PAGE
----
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New books, Summer reading.

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We are now stocking several new books on our website.

Perfect for those of you who are looking to do some research and reading this summer holiday, whilst recharging ready for the autumn term.

We have added several books published by ATM which we think compliment the work of Dr C Gattegno and bring it into the modern teaching dialogue.

As one of the co-founders of the ATM his work continues in the teaching practice and pedagogy of the academics who have contributed to these books.

We find it a great testament to the longevity of Gattegno’s work that today mathematicians and linguists are still referencing his words and using his material as a foundation for their own work.

The first book we have included in our current range is ‘Exploring Area and Fractions with Square Geoboards’ by Geoff Faux.

In his book he has opened up the world of fractions and area through a fascinating collection of tasks that are ideal for geometrical investigation. They naturally stray into geometry, demonstrating the rich inter-connectedness of mathematics and Geoff’s narrative illustrates this powerfully for the reader. It is ideal of use in both KS2/KS3 classrooms and as CPD for teachers wishing to develop their understanding, reasoning and problem solving skills.

This book is accompanied by a 140 page PDF file that includes images and questions for use on a classroom whiteboard, as well as four personal white boards with 3 x 3 geoboards printed on them.

We have also added ‘Variation in mathematics teaching and learning: A collection of writing from ATM: Mathematics Teaching’

This book contains a collection of writings from various authors, including Dr Caleb Gattegno, Anne Watson and John Mason, Dick Tahta, Dave Hewitt, Sue Pope and Mike Ollerton, Taro Fujita and Yoshiko Miura, Colin Foster, William Malcom, Laurinda Brown and Alf Coles.

Collated by Anne Watson.

The word ‘variation’ has become a new buzzword for mathematics teachers, but it is not a new idea. Variation is embedded in mathematics. It is an old idea that pops up again and again when people think deeply about the teaching and learning of mathematics. This book is for anyone involved in teaching mathematics, at whatever level, and grounds current ideas in the wisdom and experience of four decades of ATM. It is a collection of writing from Mathematics Teaching organised into five sections, each focussing on how teaching shapes experience:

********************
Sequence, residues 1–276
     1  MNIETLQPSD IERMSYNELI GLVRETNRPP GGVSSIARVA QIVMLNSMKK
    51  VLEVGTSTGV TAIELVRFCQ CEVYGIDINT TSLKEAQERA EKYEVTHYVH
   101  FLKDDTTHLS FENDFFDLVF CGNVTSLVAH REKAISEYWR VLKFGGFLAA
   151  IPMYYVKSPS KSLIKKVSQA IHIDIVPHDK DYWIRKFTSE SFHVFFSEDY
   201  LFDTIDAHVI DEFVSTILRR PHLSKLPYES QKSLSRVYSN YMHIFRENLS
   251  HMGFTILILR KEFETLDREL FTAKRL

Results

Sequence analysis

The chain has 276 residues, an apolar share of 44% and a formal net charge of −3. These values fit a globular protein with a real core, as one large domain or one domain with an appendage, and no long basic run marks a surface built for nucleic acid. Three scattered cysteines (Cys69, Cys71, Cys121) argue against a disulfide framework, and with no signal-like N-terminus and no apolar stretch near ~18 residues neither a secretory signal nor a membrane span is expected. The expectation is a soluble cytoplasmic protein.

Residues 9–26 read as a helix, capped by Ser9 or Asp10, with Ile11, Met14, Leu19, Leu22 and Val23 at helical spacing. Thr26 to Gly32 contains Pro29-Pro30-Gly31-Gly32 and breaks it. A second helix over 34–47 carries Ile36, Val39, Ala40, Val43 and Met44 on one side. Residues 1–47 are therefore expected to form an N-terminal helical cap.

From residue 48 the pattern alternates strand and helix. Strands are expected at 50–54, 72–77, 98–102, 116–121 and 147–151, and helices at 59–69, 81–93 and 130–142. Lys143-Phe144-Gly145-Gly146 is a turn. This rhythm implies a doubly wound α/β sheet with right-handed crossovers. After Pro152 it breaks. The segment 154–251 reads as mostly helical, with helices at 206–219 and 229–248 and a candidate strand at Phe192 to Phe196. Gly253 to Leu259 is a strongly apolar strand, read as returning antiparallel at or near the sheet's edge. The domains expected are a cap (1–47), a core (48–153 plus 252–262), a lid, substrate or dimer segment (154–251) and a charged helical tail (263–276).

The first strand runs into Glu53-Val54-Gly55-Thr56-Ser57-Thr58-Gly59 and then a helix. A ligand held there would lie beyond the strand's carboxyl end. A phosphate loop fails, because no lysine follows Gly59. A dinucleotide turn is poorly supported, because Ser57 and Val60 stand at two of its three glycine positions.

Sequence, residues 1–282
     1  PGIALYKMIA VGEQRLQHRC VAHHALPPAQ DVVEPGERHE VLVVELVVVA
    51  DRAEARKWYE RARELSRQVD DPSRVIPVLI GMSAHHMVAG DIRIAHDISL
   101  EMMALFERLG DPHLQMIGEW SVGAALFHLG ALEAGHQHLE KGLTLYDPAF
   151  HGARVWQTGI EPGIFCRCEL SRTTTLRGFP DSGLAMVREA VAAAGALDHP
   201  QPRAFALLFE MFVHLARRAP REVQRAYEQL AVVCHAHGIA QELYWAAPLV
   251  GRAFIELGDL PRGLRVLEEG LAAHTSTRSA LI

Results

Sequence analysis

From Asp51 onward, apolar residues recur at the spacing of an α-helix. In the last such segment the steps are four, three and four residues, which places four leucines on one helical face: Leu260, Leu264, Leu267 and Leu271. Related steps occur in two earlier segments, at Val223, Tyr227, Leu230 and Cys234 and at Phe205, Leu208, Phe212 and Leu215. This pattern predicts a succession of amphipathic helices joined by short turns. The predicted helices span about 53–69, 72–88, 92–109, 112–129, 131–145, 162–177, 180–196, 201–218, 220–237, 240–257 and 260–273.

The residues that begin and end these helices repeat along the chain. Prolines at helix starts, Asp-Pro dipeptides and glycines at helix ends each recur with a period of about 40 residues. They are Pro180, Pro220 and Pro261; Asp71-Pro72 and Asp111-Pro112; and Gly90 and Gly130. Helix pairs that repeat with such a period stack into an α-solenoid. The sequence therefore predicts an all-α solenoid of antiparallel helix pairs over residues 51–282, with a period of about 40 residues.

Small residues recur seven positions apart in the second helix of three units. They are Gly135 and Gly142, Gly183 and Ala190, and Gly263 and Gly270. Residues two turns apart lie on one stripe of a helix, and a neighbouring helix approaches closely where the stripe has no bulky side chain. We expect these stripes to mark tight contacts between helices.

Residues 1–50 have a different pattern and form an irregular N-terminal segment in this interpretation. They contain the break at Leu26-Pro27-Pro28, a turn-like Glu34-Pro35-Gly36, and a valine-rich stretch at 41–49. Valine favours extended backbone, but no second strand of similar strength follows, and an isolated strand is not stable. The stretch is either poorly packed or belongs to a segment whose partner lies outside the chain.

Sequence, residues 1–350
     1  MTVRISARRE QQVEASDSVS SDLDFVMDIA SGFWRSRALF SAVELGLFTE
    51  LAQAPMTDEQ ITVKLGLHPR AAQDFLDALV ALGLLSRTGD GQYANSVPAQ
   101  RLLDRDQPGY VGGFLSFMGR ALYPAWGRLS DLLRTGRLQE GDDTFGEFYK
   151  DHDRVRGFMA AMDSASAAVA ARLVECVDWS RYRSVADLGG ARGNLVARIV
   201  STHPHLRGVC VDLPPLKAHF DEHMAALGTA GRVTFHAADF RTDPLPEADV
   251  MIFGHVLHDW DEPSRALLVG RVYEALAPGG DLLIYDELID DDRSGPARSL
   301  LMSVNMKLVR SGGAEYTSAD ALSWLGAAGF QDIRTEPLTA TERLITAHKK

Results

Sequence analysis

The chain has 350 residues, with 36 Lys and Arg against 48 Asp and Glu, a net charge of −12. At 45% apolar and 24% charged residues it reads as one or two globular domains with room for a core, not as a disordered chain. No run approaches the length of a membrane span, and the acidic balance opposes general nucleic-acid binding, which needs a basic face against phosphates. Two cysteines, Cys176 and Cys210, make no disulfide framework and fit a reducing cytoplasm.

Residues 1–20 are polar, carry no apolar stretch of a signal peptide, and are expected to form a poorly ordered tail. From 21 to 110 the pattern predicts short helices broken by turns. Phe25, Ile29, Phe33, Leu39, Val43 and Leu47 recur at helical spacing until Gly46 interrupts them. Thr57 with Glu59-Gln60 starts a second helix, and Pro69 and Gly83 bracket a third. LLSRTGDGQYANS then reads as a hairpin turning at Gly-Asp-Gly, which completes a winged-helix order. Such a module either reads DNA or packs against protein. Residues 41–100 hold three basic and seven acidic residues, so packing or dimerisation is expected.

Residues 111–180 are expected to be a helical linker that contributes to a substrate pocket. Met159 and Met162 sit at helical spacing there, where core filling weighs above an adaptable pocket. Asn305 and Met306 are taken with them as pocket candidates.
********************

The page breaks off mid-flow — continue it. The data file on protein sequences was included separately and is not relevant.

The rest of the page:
• Points of view
  • Experiencing structure
  • Reasoning from Examples
  • Teaching that depends on variation
  • Freedom to create
  • Another lovely publication that we are delighted to add to our online store is ‘On teaching and learning mathematics with awareness’

    This book is the result of a collaboration between members of the ATM’s Science of Education group and is inspired by the ideas of Caleb Gattegno.

    It contains articles from Ian Benson, Alistair Bissell, Danny Brown, Laurinda Brown, Alf Coles, Lindsay Francome, Tom Francome, Pete Griffin, Ann Haworth, Dave Hewitt, Jenni Ingram, John Mason, Pier Messum, Luke Richards and Charlotte Webb.

    Edited by Danny Brown, Alf Coles and Jenni Ingram.

    ‘We offer provocations, prompts and reflections on how mathematics teaching can occasion an awareness on the part of the student and, what awarenesses are needed, as a teacher, in order to do this.’

    Finally we are adding to our bookstore ‘ How We Learn and How We Should be Taught – An Introduction to the work of Caleb Gattegno’ Volume 1 by Roslyn Young and Piers Messum.

    Roslyn Young met Gattegno for the first time in 1971 in Geneva, where she saw him teach an hour of Chinese. She knew immediately that she wanted to be able to teach in this way. Roslyn wrote her doctoral thesis on Gattegno’s model and its relevance to his work in language teaching. She has published around 30 articles on teaching and the Silent Way. Roslyn has worked for the Gattegno association in France, Une Education Pour Demain https://www.uneeducationpourdemain.org/ since the beginning of the 1980’s and has recently gone on to found Pronounciation Science https://www.uneeducationpourdemain.org/ with Piers Messum.

    Piers studied mathematics and law at Cambridge University before becoming a computer programmer. He taught English in Japan in the mid 1980’s where he learnt Japanese in a Silent Way class. He first met Gattegno there, at a seminar described the application of his model to the problem of health.

    After working in software sales, Piers started teaching English again in 1991, this time using the Silent Way. He became interested in how pronunciation is learned, and wrote a doctoral thesis at University College London which developed some of Gattegno’s ideas to explain how children learn the pronunciation of their first language.

    ‘Gattegno was a close observer of himself and others, and wrote about teaching, learning and psychology throughout his life. This culminated in his proposals for a Science of Education. He devised techniques and produced materials that make it easier for teachers to help their students learn. Together, the theory and its practical applications show how the actions of teachers in the classroom can always be a response to the learning of each individual student, from moment to moment. In these terms, teaching is then genuinely subordinated to learning. It is easier to understand Gattegno’s approach to teaching when one has an understanding of his ideas about how people learn. This book presents a model of human learning that he developed, and shows it can be applied inside and outside the classroom.

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